Ironically, being in such a highly specialized field allows one to be a sort of jack-of-all-trades, professionally speaking. In addition to teaching, seeing patients, and writing “Finding Einstein’s Brain” — his first book — Lepore has invented a clinical tool called the optic nerve test card and has written more than 125 pieces that have appeared in peer-reviewed scientific journals. “You can’t become a tenured professor without writing a lot of articles, and because I’m in such an esoteric field, there’s so few people who do neuro ophthalmology, stuff that you consider kind of bread-and-butter clinical observations you can write up and publish as contributions to clinical medicine,” he says.
Lepore’s research runs the gamut. In the 1980s he traveled to Guam to describe the visual findings in patients with a disease, Lytico-Bodig, that is thankfully vanishing. “It’s a horrible combination of motor neuron disease and Alzheimer’s and Parkinson’s that was just endemic in this little island of Guam,” Lepore says. “So like a lot of academics, when an interesting question turned up I would try to pursue it and I would try to amass some data and write some conclusions.”
But seeing patients is what Lepore has always enjoyed most. “At the core of it I was always a clinician,” he says. “I listen to my patients, and if you listen hard, they tell you things and you start to see patterns. You start to become aware of patterns of symptoms, and the patterns may suggest causes and sometimes solutions.”
Some problems in neurology can be straightforward, but other issues seen by a neurologist raise deep questions about humanity. “I think you get a little more philosophical as time goes by and you get into the specialty.” A lot of neurology, he explains, can be done on the strictly scientific basis of how the human nervous system is known to be wired. If, for example, a muscle in your hand is malfunctioning, a neurologist can pinpoint what nerve is causing the problem and know what pathway that nerve uses to communicate with the brain.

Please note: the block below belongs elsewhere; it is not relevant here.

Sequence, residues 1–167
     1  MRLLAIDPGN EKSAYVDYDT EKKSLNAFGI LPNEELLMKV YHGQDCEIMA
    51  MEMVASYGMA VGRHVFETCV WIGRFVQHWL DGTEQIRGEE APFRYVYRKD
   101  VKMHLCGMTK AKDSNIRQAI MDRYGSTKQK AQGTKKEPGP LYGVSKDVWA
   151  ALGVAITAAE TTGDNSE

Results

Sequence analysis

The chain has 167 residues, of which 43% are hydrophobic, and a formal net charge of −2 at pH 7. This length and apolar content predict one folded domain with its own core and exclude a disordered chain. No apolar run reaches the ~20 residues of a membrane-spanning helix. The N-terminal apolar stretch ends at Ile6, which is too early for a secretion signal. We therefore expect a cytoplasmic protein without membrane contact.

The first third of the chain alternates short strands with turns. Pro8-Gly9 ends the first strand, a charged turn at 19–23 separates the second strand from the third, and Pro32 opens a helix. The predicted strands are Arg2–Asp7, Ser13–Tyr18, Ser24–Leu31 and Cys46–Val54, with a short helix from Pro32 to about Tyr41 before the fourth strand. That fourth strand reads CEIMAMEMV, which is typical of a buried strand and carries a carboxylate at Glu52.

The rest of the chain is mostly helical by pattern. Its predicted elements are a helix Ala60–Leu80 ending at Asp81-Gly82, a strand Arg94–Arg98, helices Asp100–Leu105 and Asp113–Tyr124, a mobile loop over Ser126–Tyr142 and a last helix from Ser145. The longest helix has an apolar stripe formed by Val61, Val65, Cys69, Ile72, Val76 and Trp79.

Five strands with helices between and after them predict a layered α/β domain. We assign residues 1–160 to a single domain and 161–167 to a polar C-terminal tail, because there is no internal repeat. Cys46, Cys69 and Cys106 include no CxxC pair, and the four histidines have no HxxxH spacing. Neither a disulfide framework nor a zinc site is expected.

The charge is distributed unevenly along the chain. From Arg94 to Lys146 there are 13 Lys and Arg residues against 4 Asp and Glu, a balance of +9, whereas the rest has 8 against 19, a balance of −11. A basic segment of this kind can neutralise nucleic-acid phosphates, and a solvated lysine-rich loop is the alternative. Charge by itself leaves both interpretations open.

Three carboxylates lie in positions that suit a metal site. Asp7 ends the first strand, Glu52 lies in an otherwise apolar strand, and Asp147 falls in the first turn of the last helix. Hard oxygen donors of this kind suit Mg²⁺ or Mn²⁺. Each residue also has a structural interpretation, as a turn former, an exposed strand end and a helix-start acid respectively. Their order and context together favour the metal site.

Where it gets philosophical, Lepore says, is “when you have people who have the kind of stuff [like] mind blindness, where they have a stroke in the occipital temporal pathways (the visual pathway to the temporal lobe) and they can look at a pear or an apple, and they see it, but they don’t recognize it. They have a perception without any meaning. That’s fascinating. You start to get to the bedrock of how the mind works and why would a lesion from the occiput (the back of the skull) to the temporal lobe (on the side of the brain) … cause you to still be able to see stuff but not be able to recognize it? Those are profound questions.”
“And if you take a step back from the everyday of treating headaches or treating somebody to prevent a stroke, you start to say well what do these 86 billion neurons that we have have to do with writing a symphony or recognizing a friend? It’s miraculous, but it’s so commonplace,” Lepore says. “I am by no means a philosopher, but Einstein at large is kind of the mind-brain issue, you know? Why does this 1,230 grams of gray matter that we have looked at the photographs of, why did it create a guy who was the genius of our time? How does that work?”
Apart from casual conversations, when his neighborhood walks took him past the Einstein house at 112 Mercer Street, Lepore set Einstein aside after his 2000 article. Seven years later he was contacted by Dean Falk, a paleoanthropologist and professor at Florida State who was also intrigued by the brain. She is a renowned expert in the evolution of the brain and cognition in primates. She studies fossils to see how the brains of primitive human species evolved over time and how the changes may have correlated with changes in cognitive abilities. “Dean is literally one of a handful of people who can look at this cortical anatomy and see the nuances that distinguish Einstein’s anatomy from normal human brains,” Lepore says. Could he help her? Harvey had died, but his companion, Cleora Wheatley, a former nurse at Princeton Hospital, was still in their Titusville house.